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In this first section I detail some of the terms I have used:

Dockerized graphical applications: A Docker container run from a Docker image which runs an application which (traditionally) uses x11 (or similar) to display the application on the host machine. More details in second section.

packages required for display remotely on clients: For example, a VNC server which allows a user of a local client (e.g. a laptop with desktop Ubuntu 18.04 installed) to navigate through the browser to an particular host-name and port.



In this second section I give an example of the usual way to run a Dockerized application, using gedit as an example:

Example Dockerfile:

FROM ubuntu:18.04
RUN apt-get update && apt-get install -y gedit
CMD gedit

Example Docker build command:

docker build -t gedit:latest .

Example Docker run command:

Once-off (can potentially be a harmful command, use with caution):

xhost +local:docker

Subsequently:

docker run --rm --name=gedit -e DISPLAY=$DISPLAY -v /tmp/.X11-unix/:/tmp/.X11-unix gedit:latest

Please note: There are some security concerns running xhost +local:docker so to reverse this run xhost -local:docker

Sub-question / curiosity: The above installs x11, etc into the image. Is there any way to have a separate image with all of those dependencies and have multiple containers share folders in order to satisfy the x11 dependencies?



In this third section I detail an example in which my question is relevant:

I want to keep the Dockerized app as explained in section 2, which runs well locally on a client's laptop but have it as part of a cluster of docker containers (using docker-compose for example) so that the image built from the dockerfile in section 2 is unmodified.

I want to include an additional container which has all the VNC and x11 packages required so that the client can run the application remotely.

Which mechanisms allow the above to take place?

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You can't run a program running on x11 without a x11 buffer somewhere, be it vnc, xvfb or whatever. You will always need x11 libraries on the system running the program or it couldn't work at all. That's akin to trying to run a C program without libc on the system.

Using system libraries from a different container with a volume is a bad idea, as it create a hard dependency on both containers using the same libraries, and is likely to crash somewhere when both systems try to acquire a lock on the library to load it.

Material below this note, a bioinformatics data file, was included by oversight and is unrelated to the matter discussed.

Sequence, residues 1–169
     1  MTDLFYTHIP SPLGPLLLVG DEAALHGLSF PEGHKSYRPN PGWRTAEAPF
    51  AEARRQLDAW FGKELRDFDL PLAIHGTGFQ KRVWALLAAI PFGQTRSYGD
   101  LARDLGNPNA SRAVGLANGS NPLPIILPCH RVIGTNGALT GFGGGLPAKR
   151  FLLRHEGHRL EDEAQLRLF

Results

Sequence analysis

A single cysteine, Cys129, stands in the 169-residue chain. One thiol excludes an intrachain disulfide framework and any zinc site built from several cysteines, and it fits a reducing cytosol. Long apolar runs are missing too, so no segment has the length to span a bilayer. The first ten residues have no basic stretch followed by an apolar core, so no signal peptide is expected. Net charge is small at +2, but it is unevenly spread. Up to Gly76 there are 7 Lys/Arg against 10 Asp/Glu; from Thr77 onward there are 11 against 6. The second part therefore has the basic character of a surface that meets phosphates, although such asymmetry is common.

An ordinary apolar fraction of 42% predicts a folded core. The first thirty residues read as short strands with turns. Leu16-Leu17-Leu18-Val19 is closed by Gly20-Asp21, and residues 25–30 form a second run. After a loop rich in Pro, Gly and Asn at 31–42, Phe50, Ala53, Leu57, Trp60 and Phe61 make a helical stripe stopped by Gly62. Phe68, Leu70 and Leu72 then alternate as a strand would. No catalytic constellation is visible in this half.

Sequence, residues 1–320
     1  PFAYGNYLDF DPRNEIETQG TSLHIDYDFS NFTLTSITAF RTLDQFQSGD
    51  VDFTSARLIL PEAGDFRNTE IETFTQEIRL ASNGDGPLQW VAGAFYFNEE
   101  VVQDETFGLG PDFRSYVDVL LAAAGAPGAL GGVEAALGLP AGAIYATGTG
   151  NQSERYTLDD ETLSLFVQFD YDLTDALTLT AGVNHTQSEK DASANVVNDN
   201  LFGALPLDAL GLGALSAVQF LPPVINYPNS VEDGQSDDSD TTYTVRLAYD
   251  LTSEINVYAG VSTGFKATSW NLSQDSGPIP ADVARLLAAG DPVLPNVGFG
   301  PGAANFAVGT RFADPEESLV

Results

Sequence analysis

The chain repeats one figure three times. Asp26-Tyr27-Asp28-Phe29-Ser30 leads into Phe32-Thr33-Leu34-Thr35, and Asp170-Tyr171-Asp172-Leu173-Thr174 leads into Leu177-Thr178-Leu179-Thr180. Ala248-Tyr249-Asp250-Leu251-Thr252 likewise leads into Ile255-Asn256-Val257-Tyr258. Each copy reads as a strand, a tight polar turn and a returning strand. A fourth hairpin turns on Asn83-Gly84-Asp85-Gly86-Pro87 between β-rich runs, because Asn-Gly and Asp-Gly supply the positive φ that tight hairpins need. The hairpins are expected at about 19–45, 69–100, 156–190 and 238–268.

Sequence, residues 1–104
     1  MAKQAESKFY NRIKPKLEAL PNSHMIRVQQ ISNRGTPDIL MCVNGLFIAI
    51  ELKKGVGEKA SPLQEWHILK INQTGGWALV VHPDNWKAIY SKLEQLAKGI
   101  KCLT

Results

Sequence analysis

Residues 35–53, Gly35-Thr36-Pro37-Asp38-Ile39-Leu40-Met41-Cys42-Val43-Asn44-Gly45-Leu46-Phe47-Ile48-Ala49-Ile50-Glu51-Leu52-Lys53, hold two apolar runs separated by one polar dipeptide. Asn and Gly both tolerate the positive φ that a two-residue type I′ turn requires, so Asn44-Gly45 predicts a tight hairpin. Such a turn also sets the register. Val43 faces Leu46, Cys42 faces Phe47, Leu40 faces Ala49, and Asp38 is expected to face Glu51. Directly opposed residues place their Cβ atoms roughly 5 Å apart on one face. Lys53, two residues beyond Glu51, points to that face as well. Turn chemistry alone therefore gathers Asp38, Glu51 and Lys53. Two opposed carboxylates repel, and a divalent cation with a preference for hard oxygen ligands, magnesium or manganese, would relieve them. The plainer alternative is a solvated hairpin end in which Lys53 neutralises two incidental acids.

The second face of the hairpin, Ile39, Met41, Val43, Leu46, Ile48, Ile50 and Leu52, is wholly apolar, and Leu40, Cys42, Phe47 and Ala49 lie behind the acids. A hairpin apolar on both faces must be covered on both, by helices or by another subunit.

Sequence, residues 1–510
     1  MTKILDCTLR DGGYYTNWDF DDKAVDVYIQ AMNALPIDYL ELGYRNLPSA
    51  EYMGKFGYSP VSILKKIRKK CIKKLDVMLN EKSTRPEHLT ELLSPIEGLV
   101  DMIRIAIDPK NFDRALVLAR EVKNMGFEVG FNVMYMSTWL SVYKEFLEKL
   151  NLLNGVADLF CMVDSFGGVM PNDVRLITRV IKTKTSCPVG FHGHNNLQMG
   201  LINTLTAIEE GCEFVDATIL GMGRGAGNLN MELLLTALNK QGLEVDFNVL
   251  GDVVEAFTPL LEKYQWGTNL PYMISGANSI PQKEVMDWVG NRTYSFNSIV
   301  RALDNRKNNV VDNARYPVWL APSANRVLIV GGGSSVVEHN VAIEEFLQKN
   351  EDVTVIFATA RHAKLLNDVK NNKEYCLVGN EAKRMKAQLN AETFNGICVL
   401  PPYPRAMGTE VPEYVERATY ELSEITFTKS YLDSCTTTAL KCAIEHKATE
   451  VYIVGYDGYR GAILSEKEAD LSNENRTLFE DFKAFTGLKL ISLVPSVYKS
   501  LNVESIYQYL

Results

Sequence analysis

I assume with a lot of tweaks it should be doable, but the added complexity is a real footgun and create more dependencies than should exist.

  • Thank you. That is a reasonable explanation. So I guess what I am looking for then is the ability to build one image with gedit and x11 libraries (as I have done for an example). Then build a second image containing VNC, etc. Then share x11 socket shared between the two resulting containers. What I really want is the ability for privileged users to execute a script on their dev system, that actually spins up a containerized application on the server but passes the graphics on to their system. – Dean Kayton Nov 5 '18 at 13:29
  • you should be able to do this with a docker-compose topology, where the dependencies between the applications are clear. See the Docker documentation for depends_on – Bruce Becker Nov 5 '18 at 13:47
  • @DeanKayton X11 forwarding through ssh is made for that, I'd go with a user x11 server (like xming on windows for exemple) and launching the app against this display port, indeed you'll have to share it with the host. – Tensibai Nov 5 '18 at 15:29
  • @BruceBecker I'm more worried by the lock status of the lib files than the share itself, it may work but I'd advise against trying anyway :) – Tensibai Nov 5 '18 at 15:33
  • Personally I didn't need a dockerized ssh daemon because the host already had all of that configured. It is an interesting idea to have a fully dockerized solution on a server without even ssh activated, but that is actually beyond what I really needed. I have seen a few examples of how it can be done, but in all of them there is one huge container with 10+ processes running in one container. I am curious about a multi-container approach based off many light images. I have accepted this answer because it proposes a possible solution but advises not to go down that road, very thankful for that! – Dean Kayton Nov 7 '18 at 7:54

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